“It’s really difficult at the moment, but I’ll survive,” D’Agostino said, estimating that he’s lost between 10 and 15 gigs between his cancelled U.S. and Europe bookings, plus workshops in the U.S. and Italy.

To stay involved in music, D’Agostino said he’s created videos of his songs for friends and family.

And when the pandemic runs its course?

“I do believe initially people will be afraid of going to live concerts and it will take awhile before people can relax in larger gatherings,” D’Agostino said. “Perhaps I’ll be touring less and investing more time teaching online and getting more work for soundtracks and video games.”

STEF BURNS, rock guitarist:

Rock guitarist Stef Burns got a jump on his fellow Americans in understanding COVID-19, living in Italy touring with superstar Vasco Rossi and returning to his Benicia home when he’s not touring.

“This situation is affecting everyone financially. I’m one of the many,” said Burns, having 18 gigs canceled so far “with still more cancellations coming.”

Burns hopes the music scene “doesn’t fall any lower than it was. It had already been very compromised in the last decade from internet influence,” he said, emphasizing that everyone should “enjoy these moments as much as possible.”

DREW HARRISON, singer/songwriter, founder of the Beatles tribute band, The Sun Kings:

“I’m managing at the moment,” says Harrison. “I’ve been doing this for 30 years now and a rainy day fund is a must.”

Harrison has lost 10 gigs, with more expected to be cancelled. “I may  have to go back to busking (playing on street corners),” he says.

To keep himself from getting rusty, “I pick up the guitar every day,” he said.

Through COVID-19, “musicians will continue to create — that won’t change,” Harrison said. “But how to share their creation? Not to sound pessimistic, but as it pertains to live performances, I suspect attendance at clubs, theaters, festivals, any place where people gather in close proximity will suffer for awhile — and thus will the performer. Particularly if we are required to keep this ‘physical distancing’ up — which I think we will for a few years until we have a vaccine or develop our own resistance to the dreaded Covid-19.”

Though “the streaming thing” is “great for the moment, live music needs to be live — in person — in and with community, together,” Harrison said. “We can’t really isolate forever and be community.”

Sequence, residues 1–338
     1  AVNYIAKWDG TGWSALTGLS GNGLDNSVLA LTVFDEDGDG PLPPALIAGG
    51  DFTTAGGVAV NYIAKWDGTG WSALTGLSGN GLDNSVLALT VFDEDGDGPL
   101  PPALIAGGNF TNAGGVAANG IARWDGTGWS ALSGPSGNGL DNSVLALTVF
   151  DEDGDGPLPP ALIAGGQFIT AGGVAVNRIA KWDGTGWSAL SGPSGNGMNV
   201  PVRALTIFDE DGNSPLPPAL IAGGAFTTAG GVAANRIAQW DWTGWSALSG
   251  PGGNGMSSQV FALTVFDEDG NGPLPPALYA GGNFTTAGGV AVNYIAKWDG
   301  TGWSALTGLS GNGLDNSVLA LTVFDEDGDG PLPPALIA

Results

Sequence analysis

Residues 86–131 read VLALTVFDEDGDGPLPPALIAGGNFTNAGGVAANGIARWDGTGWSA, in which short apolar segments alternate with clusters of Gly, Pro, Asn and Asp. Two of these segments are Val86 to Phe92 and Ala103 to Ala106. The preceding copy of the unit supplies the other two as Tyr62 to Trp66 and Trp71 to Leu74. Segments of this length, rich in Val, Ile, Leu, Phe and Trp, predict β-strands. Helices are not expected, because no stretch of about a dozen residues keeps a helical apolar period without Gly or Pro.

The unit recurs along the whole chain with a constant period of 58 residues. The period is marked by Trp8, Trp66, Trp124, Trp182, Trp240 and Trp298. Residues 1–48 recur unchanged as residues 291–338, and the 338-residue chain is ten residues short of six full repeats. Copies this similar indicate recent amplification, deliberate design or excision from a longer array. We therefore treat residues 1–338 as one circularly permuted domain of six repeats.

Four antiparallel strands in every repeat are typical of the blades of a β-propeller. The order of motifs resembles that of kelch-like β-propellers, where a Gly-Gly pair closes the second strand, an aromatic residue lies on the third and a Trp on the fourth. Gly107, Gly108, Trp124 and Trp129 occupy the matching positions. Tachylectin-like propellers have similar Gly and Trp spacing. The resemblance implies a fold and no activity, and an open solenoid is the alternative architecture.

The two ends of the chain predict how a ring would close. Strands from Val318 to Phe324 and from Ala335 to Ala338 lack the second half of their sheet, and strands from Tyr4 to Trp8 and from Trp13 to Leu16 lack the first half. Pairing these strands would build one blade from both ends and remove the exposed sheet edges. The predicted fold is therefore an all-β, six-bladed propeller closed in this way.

On the other hand, Harrison continued, “if we’re not required to keep our distance from each other after being cooped up for a couple of months, we’re all going to be aching to go somewhere … anywhere. Screw you Darwin! We’ll take our chances. The old chestnut from WWII continues to mind: ‘We did it before and we can do it again.’ ”

CHRIS COLE, vocalist:

“I’ve lost a lot of money by losing potential gigs,” Cole said. “It was weird .. the last gig I did was with my jazz group for a fundraiser. A lot of people bailed at the last minute and our drummer was sick, too, so there was a bit of caution and paranoia that night.”

Fortunately, said the Fairfield entertainer, “I have a little money saved … and my wife is financially solid … so it hasn’t been horrible.”

Chris Cole of Fairfield has put his music — and his vocals — on hold to ‘take care of my family’ during COVID-19. (Courtesy photo)

Still, “Things have changed quite a bit for us, as my 16-year-old son is now living with us” instead of the teen’s mother and step-father, Cole said. “He was with me when schools closed and we were at the height of the initial fear … so I thought it best for him to live with us. My wife is working from home as a high school administrator, so what was once a peaceful environment, has become a houseful. But like the rest of the world … we are adjusting.”

Cole, admittedly, hasn’t bothered keeping his vocals in shape as he usually would.

“Right now, I’m focused on taking care of my family and just getting through the daily monotony,” he said. “For the first few weeks, we were out playing tennis … at a safe distance. But all the courts, public and private, are shut down. My wife, my son, and I are avid tennis players and fans and we are starting to feel the claustrophobia of each other’s company.”

When COVID-19 is over, “I think the industry will come back like gangbusters because the population will be starving for live music,” Cole said. “I just hope it is soon. I’m a tennis instructor, and that’s pretty much gone along with music. I don’t know how people are making it.”

The “distance thing” is interesting, Cole said.

“People are more aware of each other and there’s not the pushing and shoving. At least I don’t see it when I venture out every couple of days for groceries,” Cole said.

Unfortunately, Cole continued, “it’s going to take time to get things back to ‘normal.’ But good music will always prevail. I’m noticing change for the better. People are more forgiving of one another. When you have an invisible enemy … who are you going to get mad at?”

“Oh, the times they are a changin’,” Cole said.

MARK HUMMEL, musician

Hummel organized “The Celebration of Ron Thompson’s Life” at the Empress Theatre in Vallejo, which was postponed until July 26 with a dozen or so musicians.

“In my lifetime I’ve never encountered anything quite as impacting as this current pandemic,” said Hummel. “It has decimated our entirely society economically, socially, and health-wise. I thought 9/11 was drastic, the 2008 crash devastating … but nowhere near where we are current.”

The biggest blues label in the country has sold 50 CDs last week, said Hummel, “and all major and minor stars are completely sidelined and twiddling their thumbs at home. All gigs, festivals and events are cancelled or postponed causing a dramatic blow to all musicians income. The only up side is practice time and songwriting that will come out of this. We are going to emerge greater on the other side of this.”